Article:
Todd Starnes's Fox News piece Thursday on UT's first annual "Sex Week" and its founder Brianna Rader was one of the most flagrantly irresponsible pieces of journalism I have ever laid my eyes on.
Journalists have opinions; that's unavoidable. The problem comes from journalists who deliberately use their writing to substitute agenda for truth. This sneaky promotion of rhetoric at the expense of reality can be achieved by sensationalizing, hand-picking facts, and including sources sympathetic to only one viewpoint. Mr. Starnes has managed to achieve all three in this "news" article.
Every journalist knows a great story starts with a great headline, and Mr. Starnes (or his copy editors) seems to understand that a terrifying hook like "UT to host lesbian bondage expert" really draws the reader in. Unfortunately, he must have skipped the class on headlines at Lee University . His words easily catch the eye, but at the end of the day the purpose of headline is to offer a relevant summary of the story below. In this case, it might have been appropriate to mention the name of the event, or maybe its purpose, which is to have "an academically informed discussion about sexual issues."
From that misguided beginning, Mr. Starnes leads the reader along the crooked edge of a cliff and nudges them towards the edge of misunderstanding. Instead of focusing on Brianna's intent behind the event, he first mentions its cost to the university. As funding for Sex Week has been appropriated out of university grants (which he lists first, so I will as well) and student tuition payments, I am unsure how this is any of his concern. Academic department heads and university administrators, by virtue of their positions, are appointed to distribute that money for relevant student academic initiatives. But, at that point in the story, he still hasn't bothered to state the week's purpose, so the reader might well wonder why those administrators would want to pay $20,000 for a lesbian bondage expert to hold a workshop. Mr. Starnes doesn't clear up that confusion until he let's the source speak for herself. More than ten paragraphs down the page, Brianna states that the expert will lead a workshop on sexuality in poetry.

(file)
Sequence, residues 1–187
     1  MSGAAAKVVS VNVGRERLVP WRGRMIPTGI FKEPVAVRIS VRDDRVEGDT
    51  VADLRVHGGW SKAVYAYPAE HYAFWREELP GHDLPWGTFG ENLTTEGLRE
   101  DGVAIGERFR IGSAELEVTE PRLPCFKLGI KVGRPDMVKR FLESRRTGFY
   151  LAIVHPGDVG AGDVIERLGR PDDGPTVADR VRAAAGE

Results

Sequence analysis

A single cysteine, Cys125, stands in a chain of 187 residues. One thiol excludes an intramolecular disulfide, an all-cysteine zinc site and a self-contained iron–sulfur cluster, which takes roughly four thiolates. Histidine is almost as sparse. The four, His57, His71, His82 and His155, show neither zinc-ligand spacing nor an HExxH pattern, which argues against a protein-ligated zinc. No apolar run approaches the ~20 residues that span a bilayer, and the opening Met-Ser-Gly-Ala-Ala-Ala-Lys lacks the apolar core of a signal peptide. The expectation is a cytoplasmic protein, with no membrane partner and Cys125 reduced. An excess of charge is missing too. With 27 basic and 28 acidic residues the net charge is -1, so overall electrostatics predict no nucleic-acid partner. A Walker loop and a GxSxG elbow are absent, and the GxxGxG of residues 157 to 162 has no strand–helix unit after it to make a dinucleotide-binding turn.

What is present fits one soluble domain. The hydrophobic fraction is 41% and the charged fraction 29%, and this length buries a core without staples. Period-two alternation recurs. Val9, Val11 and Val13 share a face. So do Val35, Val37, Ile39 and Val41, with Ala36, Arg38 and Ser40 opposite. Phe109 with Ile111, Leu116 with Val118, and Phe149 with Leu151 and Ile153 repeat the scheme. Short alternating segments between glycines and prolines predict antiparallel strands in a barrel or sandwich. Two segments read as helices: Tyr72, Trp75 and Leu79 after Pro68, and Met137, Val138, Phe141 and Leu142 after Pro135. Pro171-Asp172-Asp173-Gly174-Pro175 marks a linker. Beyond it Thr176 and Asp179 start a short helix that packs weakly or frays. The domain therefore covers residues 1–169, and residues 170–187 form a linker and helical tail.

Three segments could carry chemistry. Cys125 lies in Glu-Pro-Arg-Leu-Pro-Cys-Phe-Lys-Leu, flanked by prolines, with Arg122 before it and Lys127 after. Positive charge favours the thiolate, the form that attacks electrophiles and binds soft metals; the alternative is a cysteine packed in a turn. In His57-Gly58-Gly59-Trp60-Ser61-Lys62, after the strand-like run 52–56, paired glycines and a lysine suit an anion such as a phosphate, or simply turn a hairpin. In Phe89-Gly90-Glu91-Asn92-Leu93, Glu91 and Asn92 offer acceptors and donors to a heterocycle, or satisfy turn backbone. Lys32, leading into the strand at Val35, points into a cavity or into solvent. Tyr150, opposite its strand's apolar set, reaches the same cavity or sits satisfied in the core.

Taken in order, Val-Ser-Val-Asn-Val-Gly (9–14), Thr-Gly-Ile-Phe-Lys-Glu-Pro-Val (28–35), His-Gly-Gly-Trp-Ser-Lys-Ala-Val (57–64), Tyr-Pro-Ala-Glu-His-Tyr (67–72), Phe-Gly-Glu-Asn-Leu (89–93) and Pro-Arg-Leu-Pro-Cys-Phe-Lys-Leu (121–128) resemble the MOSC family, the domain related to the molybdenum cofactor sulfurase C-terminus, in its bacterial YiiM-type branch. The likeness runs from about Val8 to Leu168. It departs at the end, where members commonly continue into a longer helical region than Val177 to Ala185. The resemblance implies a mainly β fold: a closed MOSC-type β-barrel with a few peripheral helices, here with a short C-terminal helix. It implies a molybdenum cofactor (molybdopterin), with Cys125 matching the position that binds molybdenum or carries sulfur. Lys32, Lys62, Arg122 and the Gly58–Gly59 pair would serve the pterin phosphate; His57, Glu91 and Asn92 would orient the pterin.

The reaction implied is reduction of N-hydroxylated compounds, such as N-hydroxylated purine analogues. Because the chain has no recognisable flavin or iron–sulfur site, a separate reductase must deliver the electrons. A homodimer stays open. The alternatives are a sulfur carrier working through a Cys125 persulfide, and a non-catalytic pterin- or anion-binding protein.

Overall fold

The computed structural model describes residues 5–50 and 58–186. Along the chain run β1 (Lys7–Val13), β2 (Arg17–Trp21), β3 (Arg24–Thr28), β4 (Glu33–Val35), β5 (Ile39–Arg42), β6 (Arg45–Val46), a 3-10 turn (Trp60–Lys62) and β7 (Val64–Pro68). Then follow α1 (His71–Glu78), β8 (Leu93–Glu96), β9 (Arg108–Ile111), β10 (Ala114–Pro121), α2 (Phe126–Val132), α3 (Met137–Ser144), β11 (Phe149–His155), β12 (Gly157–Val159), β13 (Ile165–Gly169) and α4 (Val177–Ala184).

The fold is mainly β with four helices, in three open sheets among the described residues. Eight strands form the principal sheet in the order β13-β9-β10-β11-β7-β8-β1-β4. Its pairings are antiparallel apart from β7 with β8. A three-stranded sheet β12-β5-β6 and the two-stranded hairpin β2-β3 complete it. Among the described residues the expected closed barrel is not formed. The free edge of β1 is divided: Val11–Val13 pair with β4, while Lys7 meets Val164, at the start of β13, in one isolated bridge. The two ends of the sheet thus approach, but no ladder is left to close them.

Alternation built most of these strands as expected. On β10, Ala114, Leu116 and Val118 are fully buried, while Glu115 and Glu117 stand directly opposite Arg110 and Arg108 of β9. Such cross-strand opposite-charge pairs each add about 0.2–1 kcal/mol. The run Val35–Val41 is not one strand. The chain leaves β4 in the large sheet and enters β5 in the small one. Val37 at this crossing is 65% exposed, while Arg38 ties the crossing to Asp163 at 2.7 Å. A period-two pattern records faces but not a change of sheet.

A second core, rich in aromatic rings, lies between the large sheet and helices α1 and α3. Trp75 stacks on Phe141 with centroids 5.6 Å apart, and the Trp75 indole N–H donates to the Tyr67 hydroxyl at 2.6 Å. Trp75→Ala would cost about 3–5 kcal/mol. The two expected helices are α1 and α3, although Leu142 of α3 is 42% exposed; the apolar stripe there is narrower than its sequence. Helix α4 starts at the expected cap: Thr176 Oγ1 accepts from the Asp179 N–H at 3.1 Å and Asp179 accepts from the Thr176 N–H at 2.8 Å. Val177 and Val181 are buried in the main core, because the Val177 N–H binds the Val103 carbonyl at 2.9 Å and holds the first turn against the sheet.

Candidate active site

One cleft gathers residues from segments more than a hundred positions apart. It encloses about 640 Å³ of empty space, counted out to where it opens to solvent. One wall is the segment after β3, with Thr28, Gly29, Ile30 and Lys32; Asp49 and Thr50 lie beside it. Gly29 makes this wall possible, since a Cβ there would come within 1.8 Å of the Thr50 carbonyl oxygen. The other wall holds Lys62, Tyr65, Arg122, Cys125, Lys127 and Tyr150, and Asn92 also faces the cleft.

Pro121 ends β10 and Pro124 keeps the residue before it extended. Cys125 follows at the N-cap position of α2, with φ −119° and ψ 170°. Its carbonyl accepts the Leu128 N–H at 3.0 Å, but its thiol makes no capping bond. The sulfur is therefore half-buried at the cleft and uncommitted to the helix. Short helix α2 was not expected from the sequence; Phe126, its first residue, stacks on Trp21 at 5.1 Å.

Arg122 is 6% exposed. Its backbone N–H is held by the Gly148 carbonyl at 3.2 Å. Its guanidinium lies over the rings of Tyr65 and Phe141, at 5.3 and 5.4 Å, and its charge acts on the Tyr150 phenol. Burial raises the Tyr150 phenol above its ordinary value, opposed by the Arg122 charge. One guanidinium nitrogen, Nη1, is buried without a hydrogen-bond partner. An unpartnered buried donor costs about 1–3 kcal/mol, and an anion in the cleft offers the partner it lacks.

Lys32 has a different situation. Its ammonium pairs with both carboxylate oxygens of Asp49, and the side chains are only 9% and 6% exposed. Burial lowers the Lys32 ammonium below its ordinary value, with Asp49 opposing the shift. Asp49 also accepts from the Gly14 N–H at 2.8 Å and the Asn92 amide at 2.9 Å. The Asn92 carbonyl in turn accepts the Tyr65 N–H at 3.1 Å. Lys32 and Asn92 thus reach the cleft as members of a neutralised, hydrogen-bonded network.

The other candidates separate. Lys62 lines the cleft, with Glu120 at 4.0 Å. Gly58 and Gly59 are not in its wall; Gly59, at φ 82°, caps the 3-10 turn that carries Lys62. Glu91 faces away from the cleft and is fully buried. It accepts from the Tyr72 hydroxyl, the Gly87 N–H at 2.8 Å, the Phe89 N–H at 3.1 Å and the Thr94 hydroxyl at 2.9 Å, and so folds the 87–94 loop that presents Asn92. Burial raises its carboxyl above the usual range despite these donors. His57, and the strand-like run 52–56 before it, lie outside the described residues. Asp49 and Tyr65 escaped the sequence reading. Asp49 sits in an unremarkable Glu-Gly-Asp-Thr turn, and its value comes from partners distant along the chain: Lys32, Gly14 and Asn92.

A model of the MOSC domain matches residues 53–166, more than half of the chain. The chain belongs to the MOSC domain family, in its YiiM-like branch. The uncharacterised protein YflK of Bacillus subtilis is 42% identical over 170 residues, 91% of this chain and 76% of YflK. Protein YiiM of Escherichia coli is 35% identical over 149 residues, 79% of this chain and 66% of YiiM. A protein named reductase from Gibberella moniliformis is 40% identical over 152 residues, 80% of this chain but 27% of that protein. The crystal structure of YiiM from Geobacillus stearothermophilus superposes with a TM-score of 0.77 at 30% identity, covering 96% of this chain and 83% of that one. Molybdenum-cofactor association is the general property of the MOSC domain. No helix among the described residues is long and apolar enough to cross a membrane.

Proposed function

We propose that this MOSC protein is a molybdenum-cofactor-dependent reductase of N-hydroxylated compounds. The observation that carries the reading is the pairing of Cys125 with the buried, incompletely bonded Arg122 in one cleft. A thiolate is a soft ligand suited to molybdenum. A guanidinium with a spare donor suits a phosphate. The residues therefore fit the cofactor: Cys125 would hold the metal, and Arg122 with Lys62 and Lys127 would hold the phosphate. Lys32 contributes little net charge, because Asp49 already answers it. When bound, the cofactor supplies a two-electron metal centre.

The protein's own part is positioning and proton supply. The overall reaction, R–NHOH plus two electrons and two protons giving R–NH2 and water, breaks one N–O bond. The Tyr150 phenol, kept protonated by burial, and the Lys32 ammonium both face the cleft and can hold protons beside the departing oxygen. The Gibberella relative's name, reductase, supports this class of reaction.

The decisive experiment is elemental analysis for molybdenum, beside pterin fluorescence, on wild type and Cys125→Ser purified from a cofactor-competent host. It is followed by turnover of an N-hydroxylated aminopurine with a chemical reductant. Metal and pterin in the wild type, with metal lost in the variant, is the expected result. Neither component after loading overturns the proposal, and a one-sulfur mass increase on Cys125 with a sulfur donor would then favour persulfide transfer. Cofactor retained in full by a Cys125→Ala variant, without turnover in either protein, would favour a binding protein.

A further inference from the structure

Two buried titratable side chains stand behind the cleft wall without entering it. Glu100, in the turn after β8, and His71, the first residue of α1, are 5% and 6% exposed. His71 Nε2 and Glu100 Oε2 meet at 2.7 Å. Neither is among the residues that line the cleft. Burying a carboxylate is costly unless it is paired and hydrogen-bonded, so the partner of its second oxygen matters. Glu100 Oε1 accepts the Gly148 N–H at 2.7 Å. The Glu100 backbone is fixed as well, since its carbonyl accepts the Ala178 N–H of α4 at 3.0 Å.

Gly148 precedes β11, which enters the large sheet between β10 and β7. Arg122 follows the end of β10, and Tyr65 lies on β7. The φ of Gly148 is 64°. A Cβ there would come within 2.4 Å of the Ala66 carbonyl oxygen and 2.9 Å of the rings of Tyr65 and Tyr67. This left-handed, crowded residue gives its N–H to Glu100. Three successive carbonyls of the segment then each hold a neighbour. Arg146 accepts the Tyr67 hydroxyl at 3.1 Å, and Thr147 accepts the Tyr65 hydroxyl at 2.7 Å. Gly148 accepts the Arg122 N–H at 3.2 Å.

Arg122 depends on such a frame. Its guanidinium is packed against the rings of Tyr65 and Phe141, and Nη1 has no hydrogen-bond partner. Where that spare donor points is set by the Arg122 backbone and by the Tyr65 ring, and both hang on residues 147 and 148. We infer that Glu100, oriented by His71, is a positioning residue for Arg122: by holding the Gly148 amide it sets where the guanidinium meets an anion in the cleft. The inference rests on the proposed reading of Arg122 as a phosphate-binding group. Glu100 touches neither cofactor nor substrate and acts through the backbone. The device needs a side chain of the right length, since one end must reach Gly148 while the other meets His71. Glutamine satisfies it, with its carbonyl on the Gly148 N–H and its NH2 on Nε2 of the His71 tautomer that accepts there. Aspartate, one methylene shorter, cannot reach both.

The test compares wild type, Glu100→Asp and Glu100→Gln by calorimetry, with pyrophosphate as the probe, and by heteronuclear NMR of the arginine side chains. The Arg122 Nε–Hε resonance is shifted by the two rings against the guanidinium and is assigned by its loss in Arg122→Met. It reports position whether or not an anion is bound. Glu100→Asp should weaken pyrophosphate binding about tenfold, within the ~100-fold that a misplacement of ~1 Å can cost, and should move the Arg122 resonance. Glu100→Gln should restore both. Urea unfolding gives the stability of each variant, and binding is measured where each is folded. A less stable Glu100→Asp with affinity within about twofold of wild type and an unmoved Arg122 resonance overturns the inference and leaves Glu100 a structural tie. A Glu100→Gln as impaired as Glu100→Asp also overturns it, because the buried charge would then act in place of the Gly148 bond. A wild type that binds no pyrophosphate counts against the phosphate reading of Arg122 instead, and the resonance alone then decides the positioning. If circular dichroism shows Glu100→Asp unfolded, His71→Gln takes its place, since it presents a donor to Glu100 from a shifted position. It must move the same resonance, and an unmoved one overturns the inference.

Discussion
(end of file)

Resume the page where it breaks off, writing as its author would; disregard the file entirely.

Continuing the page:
Most of "Sex Week"'s events with non-inflammatory headlines are conveniently left out of Mr. Starnes piece as well. As one commentator on his website states, Starnes makes no mention of the events like "Concepts on Virginity," "Religion and Sexuality," "The Birds, the Bees, and the Bible," and "How UT Can Stop Sexual Assault."
Comments included in the story present a highly one-sided perspective on the situation. It is certainly fair to include feedback from alumni who are unhappy about Sex Week programing, but as the message boards indicate, views on this issue are wide-ranging. Thorough journalism looks at a story from different angles, because its seeks to unearth truth. The intent here seems to have been to create one.
Instead of accurately reflecting Sex Week's goal, Mr. Starnes completely ignores its holistic approach to a topic that is specifically relevant in a college setting until the very last paragraph of the article. UT Media Relations director Karen Simsen clearly states that the week's content will have a broad scope. At least, I'm assuming he means Karen Simsen, instead of the Simpson he refers to.
It's hard to find an accurate copy desk these days.